Ezekiel Elliott got a contract extension on Wednesday, but Dak Prescott and Amari Cooper go into the 2019 season with uncertain future in Dallas
The Dallas Cowboys ended their standoff with All-Pro running back Ezekiel Elliott on Wednesday, but that doesn’t mean their work is done.
The Cowboys gave Elliott a six-year, $90 million contract extension, making the 24-year-old the highest-paid running back in the NFL. With Elliott threatening to holdout to begin the season if the Cowboys didn’t meet his demands, the deal ensures that the two-time league rushing champion will be in the backfield against the New York Giants in Week 1 on Sunday.
He’ll be joined on the Dallas offense by quarterback Dak Prescott and wide receiver Amari Cooper. It’s a situation reminiscent of the Cowboys glory years of the 1990s with Troy Aikman, Emmitt Smith and Michael Irvin, or, in more recent history, Tony Romo, DeMarco Murray and Dez Bryant. But Prescott and Cooper aren’t guaranteed to be there much longer.
Both are eligible to become free agents following this season, and the Cowboys have been unable to negotiate extensions with either. Prescott, still just 26 and entering his fourth year as the Cowboys starter, is demanding a $40 million deal that would make him the highest-paid quarterback in league history. The Cowboys have offered him $30 million, on par with deals given to Matt Ryan, Carson Wentz and Kirk Cousins. The two sides have been unable to bridge that difference yet.
Prescott, a fourth-round draft pick in 2016, was forced to start right away after Romo was sidelined with yet another back injury that would eventually end his career. He led the Cowboys to a 13-3 record that year and the division title. He’s finished with a winning record in each of his three years under center for Dallas. Before he came along, Dallas had been 1-13 in games Romo didn’t play.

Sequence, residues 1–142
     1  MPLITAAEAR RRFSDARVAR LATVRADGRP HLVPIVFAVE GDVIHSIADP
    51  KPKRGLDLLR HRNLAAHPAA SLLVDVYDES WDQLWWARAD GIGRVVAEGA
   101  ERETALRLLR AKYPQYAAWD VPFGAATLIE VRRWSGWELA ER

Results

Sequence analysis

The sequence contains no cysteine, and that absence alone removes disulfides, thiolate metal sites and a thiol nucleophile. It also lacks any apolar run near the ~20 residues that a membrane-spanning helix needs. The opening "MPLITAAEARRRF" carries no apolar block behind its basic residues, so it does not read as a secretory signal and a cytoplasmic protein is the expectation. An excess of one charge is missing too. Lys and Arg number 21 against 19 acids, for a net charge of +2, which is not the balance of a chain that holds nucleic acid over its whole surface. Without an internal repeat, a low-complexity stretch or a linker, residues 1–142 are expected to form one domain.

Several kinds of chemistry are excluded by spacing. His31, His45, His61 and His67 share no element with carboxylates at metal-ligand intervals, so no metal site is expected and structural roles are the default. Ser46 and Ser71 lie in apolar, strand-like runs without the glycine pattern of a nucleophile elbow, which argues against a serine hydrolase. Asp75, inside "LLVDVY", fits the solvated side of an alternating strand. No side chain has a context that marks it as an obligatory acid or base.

In 2018, Prescott finished with a career-high 3,885 yards, 15th in the NFL. He ranked 16th with 22 touchdowns. But where his value really came was in his ability not to make mistakes. His interception percentage was the fourth-lowest in the league last season. Prescott is on the final year of his rookie contract that pays him a team-friendly $2.025 million this season, 23rd among quarterbacks.
The Cowboys face another difficult decision with Cooper. The former first-round pick by the Oakland Raiders was acquired on Oct. 22 last season and immediately made an impact in a Cowboys uniform. In seven games before his arrival, Prescott was averaging just 202 passing yards per game. In nine games with Cooper, Prescott improved to 274 yards per game. Dallas won seven of the nine games Cooper played for them. In Week 14 he led the team to a win over their NFC East rival Philadelphia Eagles with a career-high 217 yards and three touchdowns, including the game-winner in overtime.
Cooper and Prescott found a chemistry that wasn’t there while he was in Oakland. He was averaging just 46 yards per game with the Raiders, but that jumped up to 80.6 yards after he joined the Cowboys. The 25-year-old will earn $13.9 million in 2019, third-highest among receivers behind only Cleveland’s Odell Beckham Jr. and Oakland’s Antonio Brown.
The Cowboys have room to work with if they want to resign Prescott and Cooper. They’ll go into 2020 with $86 million in cap space. They also ensured that Prescott will be protected by giving offensive lineman La’el Collins a five-year extension on Tuesday.
The Cowboys finished 10-6 in 2018 and earned their first playoff victory in four seasons before falling to the Los Angeles Rams in the Divisional Round. With Prescott, Elliott and Cooper they are contenders to win their division and possibly represent the NFC in the Super Bowl. Without either of the three, however, their chances diminish dramatically. Elliott got paid on Wednesday. Now it’s the time for the Cowboys to figure out what to do with their franchise quarterback and receiver.